DON'T Buy a Monitor Light Bar Until You Watch This
The top of your monitor. Ive also found that light bars take up significantly less space. On your desks surface and after using task lamps for over the last 10 years, I found that they just cant provide as much focused lighting as a light bar. Does this more focused lighting paired with the ability to adjust the brightness and color of the light bar give them a huge advantage over the older style task lamp, but even though light bars do seem to be like the perfect solution for your lighting needs, they arent Perfect and do have some shortcomings lets, take a closer look at the seven most common light bar problems and stick around for the end, where I share a bonus tip on selecting the best light bar option for you limited color. Customization is the first problem. Ive noticed, with light bars that Ive used recently, not all light bars offer as many color options for the light. Less expensive options like the 16 snoke life only have three options, and this can be an issue if youre trying to match other lights in your space. Ive also found that my eyes dont adjust as well to certain colors and, if youre sensitive to this, it could definitely be a problem. The BenQ model that Ive been testing has eight color options, but the price is almost seven times that of the snow. Key Life Light I found the brightness issues on a light bar are similar to the color issues as the brightness options and some of the light bars can be weak with some models just not offering enough range.
Here. I found that some lights, just dont, get dim enough or sometimes bright enough, or even in some cases they just dont do both well in other situations. I found that they dont offer enough of that right. Middle brightness balance on top of this models, like the basis just, can be a bit of a nuisance when you try to adjust them. This is definitely an issue if you like to switch between different levels of brightness throughout your day, monitor fit, can be a major annoyance with light bars, as mentioned in my intro. I found light bars to be fairly easy to set up. They sit on the top edge of your monitor, with a weighted counterbalance to help hold them in place, and while this is a great idea, not all monitors are shaped the same way and getting this fit right can be difficult. Some monitors can just be too thin. Others I found have a rounded back shape and if your monitor is too thick a lot of times, the clamp systems can squeeze them just a little too tight for my liking. If you use a webcam, getting it to fit properly with a single monitor, setup can be almost impossible with a large light bar depending on the size of the Monitor and the light bar. There might just not be enough room here for both of them to fit moving. Your webcam to the side can create an awkward Zoom call experience not being able to look directly into the camera and view the screen.
At the same time. Monitor glare reduction is a huge selling point of all the light bars that Ive tried. Almost all the ads for these products make a point of promoting an asymmetrical light pattern from the light bar. This light glare is a major problem from typical task lights and desk lamps. The problem is that, with all the models Ive tried, with the exception of the BenQ theyve, all had some level of monitor glare issues. If this is a concern for you, you may have to upgrade to the most expensive option, the BenQ or in some cases I found that you can tilt the light bar more outward towards you to reduce the glare, but this will create some other issues as well. The use of a physical button on a light bar versus a touch sensor can have a significant impact on your overall experience. The physical button will require you to push downward on the light bar, which Ive found to unintentionally move the light bar on your monitor, and this can be very annoying and when this happens, this means youre always having to move the light bar around now. On the other hand, touch sensors wont require as much pressure and they tend to stay in place. Much better if youre, using a dual monitor setup with both monitors in a landscape orientation. Having only one light bar can create an awkward light source because of how the monitors are positioned, it can be difficult to Center the light the monitors are tilting inward, having the light towards the middle of the setup of each monitor will create a light source that Sort of goes over the second monitor, overall, if Aesthetics matter, having just one light bar can just look off if you have a setup with two monitors with one thats, your main Monitor and the other secondary, it likely wont, be as big of a problem.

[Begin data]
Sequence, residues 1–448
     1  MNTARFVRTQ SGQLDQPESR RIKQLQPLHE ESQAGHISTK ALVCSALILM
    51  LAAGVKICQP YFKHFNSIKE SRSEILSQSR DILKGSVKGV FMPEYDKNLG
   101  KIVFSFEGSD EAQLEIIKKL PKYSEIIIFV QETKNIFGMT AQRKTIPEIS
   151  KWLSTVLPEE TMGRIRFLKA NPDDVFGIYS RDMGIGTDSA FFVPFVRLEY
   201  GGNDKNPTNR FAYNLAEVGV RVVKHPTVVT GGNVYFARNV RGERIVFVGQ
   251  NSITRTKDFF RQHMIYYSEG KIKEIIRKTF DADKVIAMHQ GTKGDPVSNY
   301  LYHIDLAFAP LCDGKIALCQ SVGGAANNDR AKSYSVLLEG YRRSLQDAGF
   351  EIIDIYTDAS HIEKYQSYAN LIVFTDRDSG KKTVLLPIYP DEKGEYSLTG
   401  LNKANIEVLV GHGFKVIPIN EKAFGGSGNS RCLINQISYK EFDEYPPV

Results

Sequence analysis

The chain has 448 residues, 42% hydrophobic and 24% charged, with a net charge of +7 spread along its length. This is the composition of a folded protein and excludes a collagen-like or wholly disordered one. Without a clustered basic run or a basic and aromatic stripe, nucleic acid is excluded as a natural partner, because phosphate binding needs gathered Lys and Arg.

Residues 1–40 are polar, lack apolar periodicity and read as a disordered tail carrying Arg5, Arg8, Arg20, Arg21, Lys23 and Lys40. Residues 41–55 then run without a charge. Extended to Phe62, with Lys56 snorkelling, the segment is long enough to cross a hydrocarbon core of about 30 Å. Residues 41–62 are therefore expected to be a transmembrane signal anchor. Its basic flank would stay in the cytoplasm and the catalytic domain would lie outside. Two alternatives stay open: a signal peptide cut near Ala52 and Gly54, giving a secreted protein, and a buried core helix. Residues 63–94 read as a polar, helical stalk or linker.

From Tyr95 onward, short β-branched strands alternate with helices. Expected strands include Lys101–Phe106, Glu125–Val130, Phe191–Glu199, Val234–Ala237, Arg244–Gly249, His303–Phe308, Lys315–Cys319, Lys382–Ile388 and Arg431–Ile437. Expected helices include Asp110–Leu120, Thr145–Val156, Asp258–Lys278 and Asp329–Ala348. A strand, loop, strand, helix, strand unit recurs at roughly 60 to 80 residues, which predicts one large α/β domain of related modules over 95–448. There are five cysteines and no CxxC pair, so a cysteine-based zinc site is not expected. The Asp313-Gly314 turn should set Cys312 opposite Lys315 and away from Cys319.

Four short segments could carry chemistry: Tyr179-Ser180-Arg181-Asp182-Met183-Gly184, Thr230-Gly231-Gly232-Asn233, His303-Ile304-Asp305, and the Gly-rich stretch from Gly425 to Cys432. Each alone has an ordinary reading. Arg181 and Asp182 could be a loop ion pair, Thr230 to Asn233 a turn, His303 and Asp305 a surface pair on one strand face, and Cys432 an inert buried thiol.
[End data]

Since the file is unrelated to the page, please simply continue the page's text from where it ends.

The same is true: if youre using three monitors with a main, monitor setup or in some cases, dual monitors that are in a stack setup as a bonus tip Ive so far tried five different light bar models that range in price anywhere from 16. All the way to 109. the best option that seems to eliminate most of the problems in this video is the BenQ, but its also the most expensive option. This means that it can be out of budget for some of you, especially if its your first light bar and even if you decide to splurge on the BenQ it isnt perfect. So the decision can definitely be tough if youre still not sure which monitor light bar is best for you.